Sidebar: Penn writes, then revises, outsourcing deal

One of the more well-known cases that perhaps demonstrates the difficulties of outsourcing at the college level involves the University of Pennsylvania and Trammell Crow Higher Education Services Inc. (TCHES), a subsidiary of Trammell Crow Company (Dallas).

Back in 1997, the university’s board of trustees approved a plan to outsource the university’s facilities management operation to TCHES. According to The Pennsylvania Gazette, Penn’s alumni magazine, the deal called for Trammell Crow to pay Penn a total of $32 million for the right to manage its buildings. In addition, TCHES had to hire at least 70% of the 180 affected managers and support staff.

Some members of the university community were not happy with the administration, saying that the negotiations with Trammell Crow were not publicized, leaving little time to analyze and comment on the deal. Other faculty members stated that while the university excels at many things, “facilities management is not one of them.” One member even stated that delays and other problems with projects have demoralized the faculty and staff, wasting their time and the university’s resources.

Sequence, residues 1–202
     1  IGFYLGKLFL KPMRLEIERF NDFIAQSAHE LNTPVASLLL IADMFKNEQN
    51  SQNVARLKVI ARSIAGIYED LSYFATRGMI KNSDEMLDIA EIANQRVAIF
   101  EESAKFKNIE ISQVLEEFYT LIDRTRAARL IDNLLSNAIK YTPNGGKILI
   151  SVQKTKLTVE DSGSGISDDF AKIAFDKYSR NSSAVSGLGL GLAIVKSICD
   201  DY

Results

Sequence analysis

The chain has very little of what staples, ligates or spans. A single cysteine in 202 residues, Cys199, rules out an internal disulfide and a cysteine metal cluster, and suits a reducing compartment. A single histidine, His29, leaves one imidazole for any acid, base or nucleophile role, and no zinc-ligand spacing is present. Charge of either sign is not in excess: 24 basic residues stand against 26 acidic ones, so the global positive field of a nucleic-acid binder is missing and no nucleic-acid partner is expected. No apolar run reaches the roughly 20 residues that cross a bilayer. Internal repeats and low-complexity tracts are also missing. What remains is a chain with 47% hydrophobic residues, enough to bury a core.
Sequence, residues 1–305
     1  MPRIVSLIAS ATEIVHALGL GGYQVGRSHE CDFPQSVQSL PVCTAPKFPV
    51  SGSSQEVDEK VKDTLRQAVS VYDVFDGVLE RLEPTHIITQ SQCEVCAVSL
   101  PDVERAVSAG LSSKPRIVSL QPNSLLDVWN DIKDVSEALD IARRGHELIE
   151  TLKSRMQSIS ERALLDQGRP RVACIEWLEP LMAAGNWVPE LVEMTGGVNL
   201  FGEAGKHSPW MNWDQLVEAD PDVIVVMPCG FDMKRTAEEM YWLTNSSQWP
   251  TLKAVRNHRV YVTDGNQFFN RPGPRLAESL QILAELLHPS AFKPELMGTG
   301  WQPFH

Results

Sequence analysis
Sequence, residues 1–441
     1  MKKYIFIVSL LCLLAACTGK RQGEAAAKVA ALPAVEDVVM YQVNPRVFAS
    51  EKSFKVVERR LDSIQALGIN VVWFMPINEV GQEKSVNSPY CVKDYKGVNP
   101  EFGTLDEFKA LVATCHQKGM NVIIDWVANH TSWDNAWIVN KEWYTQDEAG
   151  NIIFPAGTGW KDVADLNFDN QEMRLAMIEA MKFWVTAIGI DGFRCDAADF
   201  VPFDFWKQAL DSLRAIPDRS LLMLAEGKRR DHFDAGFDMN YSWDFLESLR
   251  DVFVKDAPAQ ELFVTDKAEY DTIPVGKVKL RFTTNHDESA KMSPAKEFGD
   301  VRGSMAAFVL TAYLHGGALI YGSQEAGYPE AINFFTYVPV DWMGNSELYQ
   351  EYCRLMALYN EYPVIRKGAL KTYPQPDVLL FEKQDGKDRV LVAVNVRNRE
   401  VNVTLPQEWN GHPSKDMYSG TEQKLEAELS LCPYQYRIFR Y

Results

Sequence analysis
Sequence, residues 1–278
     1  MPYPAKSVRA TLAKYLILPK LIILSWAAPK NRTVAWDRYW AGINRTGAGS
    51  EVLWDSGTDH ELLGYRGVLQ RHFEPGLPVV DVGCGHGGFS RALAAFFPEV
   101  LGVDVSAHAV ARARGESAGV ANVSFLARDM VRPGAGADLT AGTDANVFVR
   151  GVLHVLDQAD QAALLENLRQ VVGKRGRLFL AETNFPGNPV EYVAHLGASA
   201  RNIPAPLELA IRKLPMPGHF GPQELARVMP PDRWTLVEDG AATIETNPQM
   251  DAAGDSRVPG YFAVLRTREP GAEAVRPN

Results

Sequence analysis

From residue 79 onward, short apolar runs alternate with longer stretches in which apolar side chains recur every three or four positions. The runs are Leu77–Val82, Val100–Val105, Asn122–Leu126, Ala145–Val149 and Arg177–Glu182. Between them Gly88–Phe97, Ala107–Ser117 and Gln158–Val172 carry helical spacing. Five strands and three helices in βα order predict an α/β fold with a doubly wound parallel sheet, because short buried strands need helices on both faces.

For reasons unknown (neither the university nor Trammell Crow responded to requests for an interview), it was recently announced that the relationship between Penn and TCHES will be restructured. Under the new, six-year contract, TCHES will continue to provide Penn with project management services and portfolio management services through December 31, 2005. However, TCHES will not provide facilities operation services for on-campus facilities – Penn will resume providing these services. That means about 70 campus building managers will once again become Penn employees, with the university offering them comparable positions and salaries.